WASHINGTON - Cleveland Federal Reserve Bank President Sandra Pianalto Tuesday evening said that monetary policy is "appropriately positioned" in the face of a "frustratingly slow" economic recovery and modest inflation.
Pianalto, a voting member of the Fed's policymaking Federal Open Market Committee this year, did not specifically say whether she would support further monetary easing to counter what she called "headwinds" to stronger growth.
However, she indicated she is more encouraged about the outlook for inflation, despite the upsurge in oil prices, than she is about growth and employment.
Pianalto also warned it could take another four or five years to return to full employment of about 6% in remarks prepared for delivery to the Medina County Economic Development Corporation in Westfield Center, Ohio.
Most of her remarks were devoted to the regional economy, but she briefly addressed national macroeconomic challenges and the Fed's approach to them.
Unlike some of her more hawkish colleagues, Pianalto found no fault in the Fed's extended zero federal funds rate policy or its heavy purchases of bonds to hold down long-term interest rates.
Noting that the Fed has more than tripled the size of its balance sheet since 2008, Pianalto said, "Our objective in taking these alternative routes is to push down medium- and longer-term interest rates for consumers and businesses, and we have been successful in doing that."
"Even though we have introduced some new techniques, we are still operating to achieve our dual mandate of stable prices and maximum employment," she explained. "We still have to make policy decisions based on forecasts, and we still have to wait for the effects of monetary policy to work their way through the economy."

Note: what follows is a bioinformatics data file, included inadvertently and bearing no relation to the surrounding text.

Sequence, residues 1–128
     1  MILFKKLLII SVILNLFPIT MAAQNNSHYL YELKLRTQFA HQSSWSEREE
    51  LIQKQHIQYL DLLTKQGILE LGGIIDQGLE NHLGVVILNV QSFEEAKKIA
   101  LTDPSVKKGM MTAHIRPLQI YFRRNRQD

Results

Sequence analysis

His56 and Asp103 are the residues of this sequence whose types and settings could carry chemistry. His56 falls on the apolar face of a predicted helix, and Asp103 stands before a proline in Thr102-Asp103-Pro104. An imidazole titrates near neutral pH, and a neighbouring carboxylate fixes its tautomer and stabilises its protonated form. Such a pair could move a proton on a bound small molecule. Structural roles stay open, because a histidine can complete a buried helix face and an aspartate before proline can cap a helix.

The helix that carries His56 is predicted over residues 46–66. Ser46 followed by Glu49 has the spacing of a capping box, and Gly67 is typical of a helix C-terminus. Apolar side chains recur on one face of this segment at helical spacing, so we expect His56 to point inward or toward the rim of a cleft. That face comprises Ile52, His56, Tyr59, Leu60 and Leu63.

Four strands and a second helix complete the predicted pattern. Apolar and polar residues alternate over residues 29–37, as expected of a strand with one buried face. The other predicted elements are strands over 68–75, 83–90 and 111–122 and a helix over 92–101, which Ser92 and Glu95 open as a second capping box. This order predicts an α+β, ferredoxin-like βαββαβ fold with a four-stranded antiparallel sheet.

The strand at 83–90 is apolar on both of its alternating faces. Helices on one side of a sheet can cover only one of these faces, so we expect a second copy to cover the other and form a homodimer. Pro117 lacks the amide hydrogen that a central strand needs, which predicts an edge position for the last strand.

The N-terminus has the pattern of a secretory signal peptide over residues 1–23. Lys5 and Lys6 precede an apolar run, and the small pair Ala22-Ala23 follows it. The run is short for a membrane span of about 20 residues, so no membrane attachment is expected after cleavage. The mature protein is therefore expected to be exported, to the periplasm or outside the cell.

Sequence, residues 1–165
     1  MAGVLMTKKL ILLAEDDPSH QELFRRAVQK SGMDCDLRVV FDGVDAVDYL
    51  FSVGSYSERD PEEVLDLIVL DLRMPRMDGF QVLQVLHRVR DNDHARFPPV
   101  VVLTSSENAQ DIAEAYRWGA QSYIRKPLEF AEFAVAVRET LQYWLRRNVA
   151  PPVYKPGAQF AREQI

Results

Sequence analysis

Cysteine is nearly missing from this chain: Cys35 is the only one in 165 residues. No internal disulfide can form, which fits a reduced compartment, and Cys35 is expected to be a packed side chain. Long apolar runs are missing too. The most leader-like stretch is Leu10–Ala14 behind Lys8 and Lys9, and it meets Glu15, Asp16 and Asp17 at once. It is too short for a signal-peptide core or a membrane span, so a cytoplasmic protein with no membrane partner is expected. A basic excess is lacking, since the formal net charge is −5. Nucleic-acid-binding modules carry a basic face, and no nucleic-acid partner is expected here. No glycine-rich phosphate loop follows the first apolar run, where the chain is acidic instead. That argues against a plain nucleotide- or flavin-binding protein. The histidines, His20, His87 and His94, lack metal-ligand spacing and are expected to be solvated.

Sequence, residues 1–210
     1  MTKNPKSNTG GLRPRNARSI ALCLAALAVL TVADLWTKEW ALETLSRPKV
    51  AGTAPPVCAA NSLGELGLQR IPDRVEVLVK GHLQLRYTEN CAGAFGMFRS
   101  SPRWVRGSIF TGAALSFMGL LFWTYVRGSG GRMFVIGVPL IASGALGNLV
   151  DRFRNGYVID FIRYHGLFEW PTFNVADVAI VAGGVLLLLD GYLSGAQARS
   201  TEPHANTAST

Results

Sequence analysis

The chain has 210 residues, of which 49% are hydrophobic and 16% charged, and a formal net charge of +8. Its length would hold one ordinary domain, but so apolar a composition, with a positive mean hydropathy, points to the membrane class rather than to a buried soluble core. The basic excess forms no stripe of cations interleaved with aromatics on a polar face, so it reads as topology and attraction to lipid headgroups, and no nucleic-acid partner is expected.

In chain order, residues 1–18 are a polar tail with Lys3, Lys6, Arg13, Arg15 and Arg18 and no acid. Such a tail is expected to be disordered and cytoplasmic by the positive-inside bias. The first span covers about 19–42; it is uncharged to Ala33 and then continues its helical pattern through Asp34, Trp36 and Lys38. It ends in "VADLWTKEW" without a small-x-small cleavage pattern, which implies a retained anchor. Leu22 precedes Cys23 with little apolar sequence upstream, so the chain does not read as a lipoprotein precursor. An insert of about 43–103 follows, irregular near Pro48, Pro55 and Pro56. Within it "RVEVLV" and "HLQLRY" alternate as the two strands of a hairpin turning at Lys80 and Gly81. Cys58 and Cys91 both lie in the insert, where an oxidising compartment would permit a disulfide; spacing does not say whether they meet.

Despite the Fed's extraordinary efforts, Pianalto acknowledged that "the recovery from the recent financial and economic crisis has been frustratingly slow."
"A number of headwinds are holding back growth," she said. "Housing markets continue to be depressed. The government sector has been reducing spending and employment. Add to the mix the situation in Europe, which could negatively impact our exports."
"Given these numerous headwinds, I am expecting the economic recovery to remain moderate and for the economy to grow around 2 1/2% this year and about 3% next year," she continued.
"Given this outlook for economic growth, it could take as long as four to five years to achieve maximum employment, which I estimate to be consistent with an unemployment rate of about 6%," she added.
Pianalto said "the outlook for inflation is a little more encouraging."
"Both headline and core inflation slowed significantly from the first half of last year to the second half, and I expect inflation to remain close to 2 percent for the next few years," she said. "Still, the recent increases in oil prices and housing rents could complicate the inflation picture if they persist."
Pianalto said "we are ... in a challenging environment for monetary policymakers" since "we do not have a good deal of concrete history for monetary policy to fit our current circumstances."
But she said she is "confident the Federal Reserve is making the most of its tools to move the economy in the right direction."
"I think monetary policy is appropriately positioned to maintain stable prices and to support economic growth that will keep us on a path toward achieving maximum employment," she added.
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